Monday, March 15, 2010

Antique Treasure Hunt

Please tell me I'm not the only one whose heart breaks just a little bit when seeing antique furniture beaten and broken down? I'm not talking the 15th century chair of blah-blah (which is cool in it's own right); but instead simple things that the everyday person might have used.

I wanted to share some photos of the treasure hunting I've been doing lately.

First up is this solid wood chair I found for $6. As you can probably see from the photo, the seat is split; but we are in the process of repairing that with some good ol' wood glue. What you can't see is that one of the back supports is cracked. We have glued and clamped that too, and hopefully it will work...otherwise we will just cut a new one. I don't really have a purpose for this one, I just like old chairs.

Next up is this old fashioned end table or parlor table I picked up for $10. The top wood inlay was pretty messed up due to major water damage, so I'm in the process of removing what I can and I think we are going to belt-sand the rest away. Once I'm done it will make a great little table.

Third is a late 19th century arrow-back rocking chair; which as you can see is missing one of the back supports. This beauty cost me $40 and is in perfect condition aside from the previously mentioned problem. We have plans to replicate the missing piece and bring it back to life. I've always wanted a rocking chair and certainly couldn't pass this one up.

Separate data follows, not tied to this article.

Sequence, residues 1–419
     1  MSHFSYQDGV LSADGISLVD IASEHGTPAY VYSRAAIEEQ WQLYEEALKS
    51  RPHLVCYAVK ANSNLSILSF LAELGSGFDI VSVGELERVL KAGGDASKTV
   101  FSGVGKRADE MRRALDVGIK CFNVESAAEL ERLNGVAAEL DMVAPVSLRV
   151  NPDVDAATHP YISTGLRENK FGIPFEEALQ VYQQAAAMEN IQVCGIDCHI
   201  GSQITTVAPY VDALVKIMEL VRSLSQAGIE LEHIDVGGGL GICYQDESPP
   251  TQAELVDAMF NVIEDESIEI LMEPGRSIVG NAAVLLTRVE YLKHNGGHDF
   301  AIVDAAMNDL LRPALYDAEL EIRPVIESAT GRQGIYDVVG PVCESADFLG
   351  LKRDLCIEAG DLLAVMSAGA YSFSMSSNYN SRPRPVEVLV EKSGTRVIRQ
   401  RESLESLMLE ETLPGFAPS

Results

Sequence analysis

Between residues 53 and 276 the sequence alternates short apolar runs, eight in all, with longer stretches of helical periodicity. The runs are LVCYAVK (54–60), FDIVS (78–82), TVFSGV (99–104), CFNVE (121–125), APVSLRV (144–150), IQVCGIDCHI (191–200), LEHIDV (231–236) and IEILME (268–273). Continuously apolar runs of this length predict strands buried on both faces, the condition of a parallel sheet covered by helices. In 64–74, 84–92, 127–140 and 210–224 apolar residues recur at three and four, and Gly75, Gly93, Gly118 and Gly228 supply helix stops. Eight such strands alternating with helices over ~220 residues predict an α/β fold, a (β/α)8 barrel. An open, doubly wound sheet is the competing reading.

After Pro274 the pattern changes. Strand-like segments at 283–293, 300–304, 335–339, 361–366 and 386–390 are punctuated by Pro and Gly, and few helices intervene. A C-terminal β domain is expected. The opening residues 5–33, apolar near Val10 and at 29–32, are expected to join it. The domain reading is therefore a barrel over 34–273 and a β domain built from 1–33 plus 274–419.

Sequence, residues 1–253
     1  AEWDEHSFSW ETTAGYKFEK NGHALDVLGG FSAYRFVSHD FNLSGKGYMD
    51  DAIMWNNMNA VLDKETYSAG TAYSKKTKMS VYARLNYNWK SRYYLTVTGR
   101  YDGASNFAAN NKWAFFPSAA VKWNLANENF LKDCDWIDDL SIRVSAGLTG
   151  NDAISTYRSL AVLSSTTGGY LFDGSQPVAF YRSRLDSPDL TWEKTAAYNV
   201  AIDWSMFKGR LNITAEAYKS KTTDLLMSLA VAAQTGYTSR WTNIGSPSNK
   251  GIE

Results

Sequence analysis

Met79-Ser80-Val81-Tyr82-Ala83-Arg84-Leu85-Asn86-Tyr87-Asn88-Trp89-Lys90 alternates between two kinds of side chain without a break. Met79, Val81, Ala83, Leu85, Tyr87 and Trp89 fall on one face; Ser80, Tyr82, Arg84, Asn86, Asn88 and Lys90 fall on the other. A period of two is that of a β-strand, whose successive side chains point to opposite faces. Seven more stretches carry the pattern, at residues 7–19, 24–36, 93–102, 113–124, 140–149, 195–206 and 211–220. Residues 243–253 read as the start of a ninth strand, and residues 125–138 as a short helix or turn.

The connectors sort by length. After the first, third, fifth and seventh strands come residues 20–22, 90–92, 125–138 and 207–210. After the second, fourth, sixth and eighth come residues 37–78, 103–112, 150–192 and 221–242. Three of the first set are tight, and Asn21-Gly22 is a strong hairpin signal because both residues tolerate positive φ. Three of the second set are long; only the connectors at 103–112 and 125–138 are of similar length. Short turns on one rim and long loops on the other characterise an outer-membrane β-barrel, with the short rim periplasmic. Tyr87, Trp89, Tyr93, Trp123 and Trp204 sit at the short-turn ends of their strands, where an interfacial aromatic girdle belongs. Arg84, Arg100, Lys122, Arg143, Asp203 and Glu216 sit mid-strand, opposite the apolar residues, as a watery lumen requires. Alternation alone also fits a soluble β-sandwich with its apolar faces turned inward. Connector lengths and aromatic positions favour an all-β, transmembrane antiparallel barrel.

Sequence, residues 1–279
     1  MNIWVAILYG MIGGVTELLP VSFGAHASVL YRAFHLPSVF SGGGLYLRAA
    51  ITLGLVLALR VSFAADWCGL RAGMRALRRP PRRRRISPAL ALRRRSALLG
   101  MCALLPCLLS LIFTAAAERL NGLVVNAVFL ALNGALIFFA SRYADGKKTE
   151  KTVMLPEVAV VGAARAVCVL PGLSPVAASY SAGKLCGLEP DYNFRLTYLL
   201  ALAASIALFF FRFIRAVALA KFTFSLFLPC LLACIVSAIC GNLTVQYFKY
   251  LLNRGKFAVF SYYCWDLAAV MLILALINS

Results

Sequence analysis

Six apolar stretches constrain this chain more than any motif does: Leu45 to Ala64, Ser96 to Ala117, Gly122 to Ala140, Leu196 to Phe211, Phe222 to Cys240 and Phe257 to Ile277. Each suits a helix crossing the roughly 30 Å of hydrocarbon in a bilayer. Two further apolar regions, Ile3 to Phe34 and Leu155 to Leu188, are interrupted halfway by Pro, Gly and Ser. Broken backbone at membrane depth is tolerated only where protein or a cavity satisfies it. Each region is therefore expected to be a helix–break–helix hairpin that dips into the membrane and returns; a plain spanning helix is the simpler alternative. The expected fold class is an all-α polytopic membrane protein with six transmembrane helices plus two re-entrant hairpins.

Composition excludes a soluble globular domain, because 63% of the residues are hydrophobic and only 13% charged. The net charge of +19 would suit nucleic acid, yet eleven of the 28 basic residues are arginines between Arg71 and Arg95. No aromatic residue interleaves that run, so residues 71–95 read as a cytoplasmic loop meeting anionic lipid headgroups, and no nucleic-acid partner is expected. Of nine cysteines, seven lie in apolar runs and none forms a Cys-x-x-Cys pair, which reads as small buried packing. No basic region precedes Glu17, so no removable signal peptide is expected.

Finally is what I picked up this past Saturday from a seller I found on Craigslist. It's an old fashioned wardrobe or chifferobe. While I did not include a photo of the inside, half of it has shelving while the other offers hanging room. It has a lot of beautiful handcrafted decoration and really only needs to be cleaned and tightened up. This one was a steal at $50.

If you happen to know anything about any of these pieces, their style, age, etc...leave a comment.
I'm always wanting to learn more about what I find.

1 comment:

  1. omg. I am so jealous of that last piece. What a steal! One way to put a general age on a piece is how the joints are put together (usually can be seen on the insides of the drawers.) One large 'dovetail' can mean 18th century. Several can mean 19th.

    After taking out the drawers look inside with a flash light to see if the boards were hand sawed or milled. Check to see if the nails or screws were handmade, and also the hardware can be a good indicator as well. Do a little research on what you find you might be able to get a better idea.

    Good luck!


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